China tomb raiders rescued, then arrested
Two grave robbers ran into some bad luck on Monday when they became trapped in a burial chamber they were trying to rob and had to be rescued by police, who subsequently detained them.
The pair was among five suspected thieves who had broken into a Chinese Tang dynasty tomb in the northern province of Shaanxi. They were excavating a grave which was among a cluster of emperors’ mausoleums that dated back to the period 618 – 907 AD.
However, two of them became stuck in a chamber 20 metres underground and were trapped there for more than 24 hours. Fearing the structure could collapse or they could suffocate from lack of oxygen, a rescue team was called in to pull them out.
Police arrive and pulled out the thieves from a crack at the top of the chamber and all five suspects were later detained.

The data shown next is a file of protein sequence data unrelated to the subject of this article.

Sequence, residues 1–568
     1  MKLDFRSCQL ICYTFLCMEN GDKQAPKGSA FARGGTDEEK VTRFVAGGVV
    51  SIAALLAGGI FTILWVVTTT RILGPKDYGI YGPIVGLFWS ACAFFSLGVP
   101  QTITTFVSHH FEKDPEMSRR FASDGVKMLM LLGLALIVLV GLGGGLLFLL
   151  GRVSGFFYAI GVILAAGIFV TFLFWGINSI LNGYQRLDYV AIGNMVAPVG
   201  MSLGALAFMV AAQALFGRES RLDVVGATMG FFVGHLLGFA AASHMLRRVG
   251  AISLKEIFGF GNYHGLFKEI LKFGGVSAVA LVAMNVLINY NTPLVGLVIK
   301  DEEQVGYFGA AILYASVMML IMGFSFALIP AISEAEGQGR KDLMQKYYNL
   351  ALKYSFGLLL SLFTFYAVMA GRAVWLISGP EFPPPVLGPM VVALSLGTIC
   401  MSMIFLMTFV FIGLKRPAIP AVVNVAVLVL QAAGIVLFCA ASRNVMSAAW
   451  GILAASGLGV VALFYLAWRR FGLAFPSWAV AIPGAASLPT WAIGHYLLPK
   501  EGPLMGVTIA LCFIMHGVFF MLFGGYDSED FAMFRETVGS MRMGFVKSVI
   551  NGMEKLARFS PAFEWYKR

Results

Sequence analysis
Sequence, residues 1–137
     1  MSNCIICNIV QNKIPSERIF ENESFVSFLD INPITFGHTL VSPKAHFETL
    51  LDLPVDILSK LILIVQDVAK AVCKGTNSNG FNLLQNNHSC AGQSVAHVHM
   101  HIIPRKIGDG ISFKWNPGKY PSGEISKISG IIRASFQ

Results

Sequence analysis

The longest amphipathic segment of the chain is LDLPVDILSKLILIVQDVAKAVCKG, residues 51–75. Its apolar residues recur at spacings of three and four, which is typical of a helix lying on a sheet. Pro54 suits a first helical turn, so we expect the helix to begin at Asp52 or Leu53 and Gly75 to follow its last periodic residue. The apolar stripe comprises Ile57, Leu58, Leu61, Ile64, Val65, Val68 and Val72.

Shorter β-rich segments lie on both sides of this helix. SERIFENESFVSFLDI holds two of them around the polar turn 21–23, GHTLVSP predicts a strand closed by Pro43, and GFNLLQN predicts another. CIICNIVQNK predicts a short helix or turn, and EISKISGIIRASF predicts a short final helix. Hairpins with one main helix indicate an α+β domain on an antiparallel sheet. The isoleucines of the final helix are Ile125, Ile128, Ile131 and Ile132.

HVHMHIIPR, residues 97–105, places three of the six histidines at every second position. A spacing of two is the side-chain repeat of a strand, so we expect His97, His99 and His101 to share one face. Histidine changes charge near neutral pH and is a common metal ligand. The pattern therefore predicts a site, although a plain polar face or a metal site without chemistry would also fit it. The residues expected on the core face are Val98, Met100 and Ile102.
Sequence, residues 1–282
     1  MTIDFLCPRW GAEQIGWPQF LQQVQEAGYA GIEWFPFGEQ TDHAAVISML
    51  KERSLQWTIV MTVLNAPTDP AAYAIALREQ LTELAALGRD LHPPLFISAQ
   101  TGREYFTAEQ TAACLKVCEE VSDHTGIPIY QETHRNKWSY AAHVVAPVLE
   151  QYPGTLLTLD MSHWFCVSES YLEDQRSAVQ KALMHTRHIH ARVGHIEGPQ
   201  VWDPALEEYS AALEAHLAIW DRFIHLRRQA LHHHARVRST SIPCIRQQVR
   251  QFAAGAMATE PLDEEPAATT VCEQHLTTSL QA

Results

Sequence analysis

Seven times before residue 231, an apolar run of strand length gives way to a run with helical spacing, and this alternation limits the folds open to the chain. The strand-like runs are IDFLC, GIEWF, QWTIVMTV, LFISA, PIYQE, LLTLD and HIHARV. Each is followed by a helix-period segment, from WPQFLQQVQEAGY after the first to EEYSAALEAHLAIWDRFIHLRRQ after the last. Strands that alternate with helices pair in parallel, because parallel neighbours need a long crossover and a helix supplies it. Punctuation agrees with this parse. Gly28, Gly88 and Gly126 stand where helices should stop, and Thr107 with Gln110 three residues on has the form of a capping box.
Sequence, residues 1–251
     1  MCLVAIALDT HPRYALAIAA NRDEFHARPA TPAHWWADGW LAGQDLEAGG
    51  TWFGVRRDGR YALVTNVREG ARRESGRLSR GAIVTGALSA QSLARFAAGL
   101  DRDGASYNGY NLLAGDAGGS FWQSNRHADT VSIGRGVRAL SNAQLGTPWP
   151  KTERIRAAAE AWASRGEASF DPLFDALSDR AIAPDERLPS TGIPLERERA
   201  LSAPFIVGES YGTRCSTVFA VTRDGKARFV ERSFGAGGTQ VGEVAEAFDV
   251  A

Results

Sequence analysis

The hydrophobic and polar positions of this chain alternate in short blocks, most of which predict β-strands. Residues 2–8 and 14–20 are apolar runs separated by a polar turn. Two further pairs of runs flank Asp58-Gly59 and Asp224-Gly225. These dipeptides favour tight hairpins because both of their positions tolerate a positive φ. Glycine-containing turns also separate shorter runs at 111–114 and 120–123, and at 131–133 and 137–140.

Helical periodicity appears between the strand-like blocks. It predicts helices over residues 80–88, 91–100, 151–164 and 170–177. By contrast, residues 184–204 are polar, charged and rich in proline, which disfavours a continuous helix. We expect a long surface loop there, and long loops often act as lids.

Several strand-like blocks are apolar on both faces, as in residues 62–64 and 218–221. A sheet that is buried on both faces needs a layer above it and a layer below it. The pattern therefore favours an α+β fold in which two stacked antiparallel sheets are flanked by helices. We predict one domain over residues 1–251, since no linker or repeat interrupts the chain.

Tomb raiding is a huge problem in China where thieves are using increasingly aggressive and sophisticated methods to extract the wealth of relics buried underground from China’s ancient civilizations, including dynamite and even bulldozers. Artefacts are then sold on the black market within days to international dealers.
Experts say the problem became worse as China's economy opened up, with domestic and international collectors creating a huge market for thieves. According to the Ministry of Public Security, police investigated 451 tomb-raiding cases in 2010 and another 387 involving the theft of relics.
But international collectors bear as much responsibility for the crimes as the actual thieves as the high prices they offer create the incentive for criminals to exploit and destroy the country’s extraordinary historical treasures.
By John Black